The Blue View - Repairing the GPS

We have a nice Raymarine chartplotter/GPS in the cockpit that we installed in 2004. The teak panel it is attached to has a cutout that was made to fit it. Unfortunately, it died about three years ago, and when we tried to order a replacement, we found that it was no longer being produced. This was somewhat of a dilemma since we couldn't find anything else that would fit the cutout. We did manage to find a used one on eBay, but it, too, died about a year later. gps repair

Eventually, we will buy another panel mount GPS and modify or replace the teak panel, but in the meantime, it isn't all that critical. We have several other GPSs aboard -  a couple of handhelds, an antenna that feeds locational information to our Nav station chartplotter, and our tablets all have GPSs built in. We like having GPS information displayed in the cockpit, however, so I mounted one of the handhelds on the pedestal.

The problem with our handhelds is that they run on two AA batteries which need to be replaced every ten hours or so. On a long passage, that's a lot of batteries. We have Garmin handhelds which do provide the option of using a power cable, however, so I routed a cable to the cockpit. Everything was fine for about six months. Unfortunately, the power cable is not all that weather resistant, and the contacts soon corroded. No problem – I cut the connector off and soldered the wires directly to the GPS contacts, then gooped it all up with silicone. That lasted about a year and a half, but eventually, enough moisture made its way in to corrode these connections as well. It stopped working about a week ago on our first attempt to leave Cape Town.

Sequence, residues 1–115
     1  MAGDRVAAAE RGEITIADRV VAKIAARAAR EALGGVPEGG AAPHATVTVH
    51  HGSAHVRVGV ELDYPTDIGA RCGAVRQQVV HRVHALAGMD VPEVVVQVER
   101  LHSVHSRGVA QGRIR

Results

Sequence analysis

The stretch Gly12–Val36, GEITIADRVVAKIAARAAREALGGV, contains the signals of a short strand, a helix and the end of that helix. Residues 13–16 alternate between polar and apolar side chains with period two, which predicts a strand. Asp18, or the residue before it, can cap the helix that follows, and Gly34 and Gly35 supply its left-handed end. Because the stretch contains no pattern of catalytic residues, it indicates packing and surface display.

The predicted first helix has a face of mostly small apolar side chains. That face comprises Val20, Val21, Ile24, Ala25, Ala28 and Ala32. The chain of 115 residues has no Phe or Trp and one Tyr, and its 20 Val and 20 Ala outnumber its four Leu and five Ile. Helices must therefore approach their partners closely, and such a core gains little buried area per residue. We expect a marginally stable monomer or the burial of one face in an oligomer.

So our options were: do without, find a GPS locally that will fit into the teak cutout, or start over with another handheld GPS. There was one more option. I could make a 12 VDC to 3.2 VDC power converter and connect it to the battery contacts inside the battery compartment of the GPS. Since the battery compartment is nearly watertight, the connections inside should last a long time.

The voltage converter is a trivial circuit, and the parts can be found at any electronic hobby outlet like Radio Shack, Jaycar, or Jayco. Being the geek I am, I actually had the parts I needed aboard. I built, tested and installed the circuit on a rainy afternoon.